By Alexis Christoforous
Media tycoon Silvio Berlusconi’s MediaForEurope (MFE) is closer to becoming a Pan-European powerhouse.
Spain's stock market regulator CNMV has authorized the former Italian Prime Minister’s company to acquire the remaining 44.31% of Mediaset Espana it does not already own.
Already Italy’s largest commercial broadcaster, the media group also recently bought a stake of more than 25% in German media group ProSieben, as part of its European expansion strategy.
MFE’s chairman Fedele Confalonieri tells The Voice of Business that “size matters” in a crowded media market.
“The competitors are Google, the competitors are Apple, are Microsoft,” said Confalonieri. “They are enormous.”
He also said what sets MFE apart from the industry’s biggest players is its ability to provide hyper-local news.
“Netflix can tell you a story, but an international story, not Milanese or Neapolitan,” said Confalonieri. “One of the rules in news is what affects your neighborhood.”
Fedele has worked for MFE, formerly Mediaset, since its inception nearly 50-years ago. He was hired by Berlusconi, his childhood friend of 75 years. Confalonieri calls the sometimes controversial Berlusconi a “genius” who does not like to be surrounded by “yes” people.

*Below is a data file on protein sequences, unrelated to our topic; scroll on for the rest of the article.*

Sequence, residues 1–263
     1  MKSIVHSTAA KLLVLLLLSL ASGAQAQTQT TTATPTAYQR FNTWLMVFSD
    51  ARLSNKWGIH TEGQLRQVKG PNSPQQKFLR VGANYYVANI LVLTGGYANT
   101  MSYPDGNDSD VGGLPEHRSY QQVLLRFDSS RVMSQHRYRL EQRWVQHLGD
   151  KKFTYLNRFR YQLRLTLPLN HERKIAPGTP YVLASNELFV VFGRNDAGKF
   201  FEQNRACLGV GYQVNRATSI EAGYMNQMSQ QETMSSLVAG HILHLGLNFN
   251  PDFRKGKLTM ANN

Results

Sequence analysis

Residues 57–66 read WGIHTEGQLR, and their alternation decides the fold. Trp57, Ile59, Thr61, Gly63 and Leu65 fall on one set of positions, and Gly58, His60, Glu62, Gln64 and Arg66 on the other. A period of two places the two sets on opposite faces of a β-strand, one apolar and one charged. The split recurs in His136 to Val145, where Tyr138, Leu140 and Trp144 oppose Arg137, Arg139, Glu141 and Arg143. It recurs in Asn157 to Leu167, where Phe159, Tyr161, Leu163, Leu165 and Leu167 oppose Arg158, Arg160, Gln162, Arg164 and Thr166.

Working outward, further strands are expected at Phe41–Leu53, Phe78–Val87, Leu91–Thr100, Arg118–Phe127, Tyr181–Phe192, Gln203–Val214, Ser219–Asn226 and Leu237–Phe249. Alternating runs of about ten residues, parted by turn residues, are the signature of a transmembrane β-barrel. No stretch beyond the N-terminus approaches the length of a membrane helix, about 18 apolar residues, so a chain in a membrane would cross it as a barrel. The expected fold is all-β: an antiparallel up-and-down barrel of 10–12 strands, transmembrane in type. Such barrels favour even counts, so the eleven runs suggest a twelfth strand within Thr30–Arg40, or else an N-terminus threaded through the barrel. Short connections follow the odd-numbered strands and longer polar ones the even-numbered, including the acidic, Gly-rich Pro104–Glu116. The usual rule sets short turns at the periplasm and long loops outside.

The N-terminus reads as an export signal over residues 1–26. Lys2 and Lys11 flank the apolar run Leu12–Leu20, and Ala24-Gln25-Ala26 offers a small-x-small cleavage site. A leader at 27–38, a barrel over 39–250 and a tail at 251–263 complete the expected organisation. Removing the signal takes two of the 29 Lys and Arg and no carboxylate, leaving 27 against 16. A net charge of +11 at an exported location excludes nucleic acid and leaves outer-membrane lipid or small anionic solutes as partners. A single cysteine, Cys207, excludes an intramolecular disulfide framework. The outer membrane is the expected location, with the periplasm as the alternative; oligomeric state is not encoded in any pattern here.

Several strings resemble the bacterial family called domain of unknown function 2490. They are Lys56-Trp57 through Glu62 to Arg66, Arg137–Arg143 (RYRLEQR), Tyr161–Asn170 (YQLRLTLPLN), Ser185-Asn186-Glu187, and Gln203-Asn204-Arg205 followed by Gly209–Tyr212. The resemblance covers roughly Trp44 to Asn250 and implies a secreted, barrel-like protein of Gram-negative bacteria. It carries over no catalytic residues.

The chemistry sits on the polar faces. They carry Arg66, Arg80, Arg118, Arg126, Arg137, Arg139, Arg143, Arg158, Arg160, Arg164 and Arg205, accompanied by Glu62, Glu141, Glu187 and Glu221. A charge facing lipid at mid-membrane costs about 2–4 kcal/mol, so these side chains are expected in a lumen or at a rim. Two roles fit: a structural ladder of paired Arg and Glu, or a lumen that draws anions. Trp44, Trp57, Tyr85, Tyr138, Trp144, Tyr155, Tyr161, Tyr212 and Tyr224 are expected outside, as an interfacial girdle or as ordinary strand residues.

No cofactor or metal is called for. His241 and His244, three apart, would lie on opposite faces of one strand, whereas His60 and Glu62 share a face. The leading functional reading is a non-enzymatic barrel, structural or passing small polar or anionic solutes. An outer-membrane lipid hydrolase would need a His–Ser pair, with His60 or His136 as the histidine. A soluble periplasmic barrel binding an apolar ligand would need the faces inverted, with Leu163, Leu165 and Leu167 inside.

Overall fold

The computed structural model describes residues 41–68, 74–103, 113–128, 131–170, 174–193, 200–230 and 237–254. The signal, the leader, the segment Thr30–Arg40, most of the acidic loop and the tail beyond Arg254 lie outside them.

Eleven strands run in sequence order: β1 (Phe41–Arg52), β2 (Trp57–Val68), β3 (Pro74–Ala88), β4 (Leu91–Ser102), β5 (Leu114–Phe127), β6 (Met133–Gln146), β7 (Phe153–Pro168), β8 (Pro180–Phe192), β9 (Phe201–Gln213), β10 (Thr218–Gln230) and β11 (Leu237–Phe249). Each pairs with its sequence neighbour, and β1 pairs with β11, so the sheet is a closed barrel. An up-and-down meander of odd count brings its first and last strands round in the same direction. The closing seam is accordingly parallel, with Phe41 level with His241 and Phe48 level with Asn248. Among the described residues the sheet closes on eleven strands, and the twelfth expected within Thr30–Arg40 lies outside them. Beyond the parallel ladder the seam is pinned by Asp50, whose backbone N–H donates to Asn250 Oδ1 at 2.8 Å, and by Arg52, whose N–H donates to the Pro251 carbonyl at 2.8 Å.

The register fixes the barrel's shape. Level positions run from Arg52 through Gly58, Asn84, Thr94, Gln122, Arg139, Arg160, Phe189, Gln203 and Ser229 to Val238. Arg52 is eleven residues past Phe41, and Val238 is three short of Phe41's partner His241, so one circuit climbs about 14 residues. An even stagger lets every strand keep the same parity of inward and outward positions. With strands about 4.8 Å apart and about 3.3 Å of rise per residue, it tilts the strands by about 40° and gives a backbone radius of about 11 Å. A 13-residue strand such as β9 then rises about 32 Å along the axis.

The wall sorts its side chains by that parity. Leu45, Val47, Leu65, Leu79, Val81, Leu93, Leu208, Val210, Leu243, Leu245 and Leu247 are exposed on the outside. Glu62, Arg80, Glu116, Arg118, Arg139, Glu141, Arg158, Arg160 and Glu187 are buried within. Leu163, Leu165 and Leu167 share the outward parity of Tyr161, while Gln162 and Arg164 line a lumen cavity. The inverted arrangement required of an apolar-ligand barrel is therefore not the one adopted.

At 84-years old, you will still find Confalonieri at MFE’s offices in Milan and Rome three to four times a week. He gets up “very early” and calls the morning “the best part” of his day.
A prolific pianist, Confalonieri has been playing since the age of 5. He starts each day at the piano for about an hour, playing classics from Bach, Beethoven, Chopin and Mozart.
Besides music, Confalonieri’s other labor of love is the historic Duomo in Milan. He is president of The Veneranda Fabbrica’s Board of Directors, whose mission is to restore and preserve the world’s fourth largest cathedral. The Duomo took nearly six centuries to complete. Construction began in 1386.
Confalonieri calls the Duomo a “monument” that requires 200 skilled workers to maintain its pink marble from the Candoglia quarries near Lake Maggiore.
Its main source of revenue is the millions of tourists who visit the cathedral annually. Confalonieri said pandemic-induced lockdowns hit the Duomo and other cultural institutions hard, but he said tourism has nearly returned to pre-pandemic levels.